Parents confident they understand diversity issues in education

While 91% of parents told Parentkind they had a good understanding of issues relating to diversity, fewer than two-thirds said their personal background was reflected in what their child was taught

An overwhelming majority (91%) of parents feel that they have a good understanding of issues relating to diversity and inclusion in education, according to a new survey by Parentkind.

The education charity’s Diversity and inclusion in schools report also found that 71% of parents agree that their child’s school celebrates diverse cultures, people and experiences in its teaching.

That breadth of celebration notwithstanding, a significant minority of respondents felt that their own personal story lacked representation, with fewer than two-thirds (60%) agreeing that their background was reflected in what their child was being taught in school.

Two-thirds of parents said that they would like to be involved in helping their child’s school with diversity and inclusion.

One in five parents said that they did not feel confident talking to their child about LGBT+ and non-binary definitions.

In other findings, 40% of parents felt that gender stereotypes influence the subjects their child is interested in learning at school, while 37% said such stereotypes influence their child’s career aspirations.

Sixty-one percent of respondents said that the Black Lives Matter movement had prompted them to think about the diversity of the curriculum and what is taught in school.

Parents clearly support the work already done on diversity and inclusion, but there remains more to be done – John Jolly, Parentkind

While the report doesn’t give the exact figure, it claims that a “notable minority” of parents were concerned that schools were falling short when it came to issues related to children with special educational needs and disabilities (SEND), particularly in terms of neurodiversity.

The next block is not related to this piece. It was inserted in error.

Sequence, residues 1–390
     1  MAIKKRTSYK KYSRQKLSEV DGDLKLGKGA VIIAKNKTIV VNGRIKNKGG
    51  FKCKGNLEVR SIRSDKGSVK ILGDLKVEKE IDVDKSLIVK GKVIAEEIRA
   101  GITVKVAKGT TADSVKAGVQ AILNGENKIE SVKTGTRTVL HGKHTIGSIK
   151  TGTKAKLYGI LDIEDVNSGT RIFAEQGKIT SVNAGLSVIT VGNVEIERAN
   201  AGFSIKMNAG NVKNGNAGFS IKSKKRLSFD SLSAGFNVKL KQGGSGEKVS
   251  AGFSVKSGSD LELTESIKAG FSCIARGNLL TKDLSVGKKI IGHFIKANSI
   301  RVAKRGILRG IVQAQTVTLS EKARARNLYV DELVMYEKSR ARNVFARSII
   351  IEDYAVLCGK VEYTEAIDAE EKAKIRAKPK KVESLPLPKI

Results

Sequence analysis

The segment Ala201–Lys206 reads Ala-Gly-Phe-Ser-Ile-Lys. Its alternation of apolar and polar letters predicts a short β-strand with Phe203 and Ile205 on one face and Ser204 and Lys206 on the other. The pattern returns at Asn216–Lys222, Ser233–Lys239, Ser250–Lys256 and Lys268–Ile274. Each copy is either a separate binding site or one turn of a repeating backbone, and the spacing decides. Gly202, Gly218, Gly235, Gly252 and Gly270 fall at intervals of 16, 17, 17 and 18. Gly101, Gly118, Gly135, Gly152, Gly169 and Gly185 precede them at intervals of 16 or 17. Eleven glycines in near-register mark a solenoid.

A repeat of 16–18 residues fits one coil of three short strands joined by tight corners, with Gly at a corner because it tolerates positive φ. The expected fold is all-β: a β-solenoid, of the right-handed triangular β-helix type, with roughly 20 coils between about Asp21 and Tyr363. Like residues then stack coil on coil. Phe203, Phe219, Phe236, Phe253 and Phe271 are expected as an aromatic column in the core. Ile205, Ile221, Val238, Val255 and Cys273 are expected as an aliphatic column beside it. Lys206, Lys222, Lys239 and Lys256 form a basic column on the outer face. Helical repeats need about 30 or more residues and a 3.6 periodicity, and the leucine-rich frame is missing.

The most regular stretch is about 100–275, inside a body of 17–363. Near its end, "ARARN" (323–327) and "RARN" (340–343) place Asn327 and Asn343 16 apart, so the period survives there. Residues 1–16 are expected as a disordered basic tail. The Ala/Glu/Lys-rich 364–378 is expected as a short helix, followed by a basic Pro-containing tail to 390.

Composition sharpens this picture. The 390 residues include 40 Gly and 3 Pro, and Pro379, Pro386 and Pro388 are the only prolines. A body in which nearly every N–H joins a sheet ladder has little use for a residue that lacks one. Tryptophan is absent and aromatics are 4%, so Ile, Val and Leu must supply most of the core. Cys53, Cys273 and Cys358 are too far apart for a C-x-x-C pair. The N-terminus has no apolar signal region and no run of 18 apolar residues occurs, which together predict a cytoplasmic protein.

“There are far too many schools that aren’t inclusive towards children and young people with SEND,” said one respondent. “They are seen as a burden [with] little to no focused training to support these children in mainstream.”

When it comes to assessing the report’s representative value, it should be noted that the figures are extrapolated from only 454 respondents to an unweighted online survey.

Nevertheless, the deliberate mirroring of question asked of teachers in Pearson’s Diversity and inclusion in schools research and report offers some interesting differences in perspective between parents and educators.

For example, while 66% of teachers said education provided in schools today is inclusive of all pupils in the UK, barely a third (36%) of parents agreed. Similarly, whilst 61% of teachers agree that the system supports learners to succeed after leaving education, only 29% of parents share this view.

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A third of parents said that having more flexibility to adapt teaching to suit the different ways pupils learn would most help to raise children’s aspirations and outcomes, a view held by fewer than one in five (18%) of teachers.

“One thing that is clear from these results is that parents support the work already done on diversity and inclusion, but there remains more to be done,” said Parentkind CEO, John Jolly.

“Particularly in regard to gender stereotypes and LGBT+ issues, there is further to go to ensure that schools are supportive spaces and that parents are equipped for these conversations with their young people.

“As this work takes place, and the education system better responds to the diversity and inclusion agenda, parents’ voices should be heard loud and clear.”

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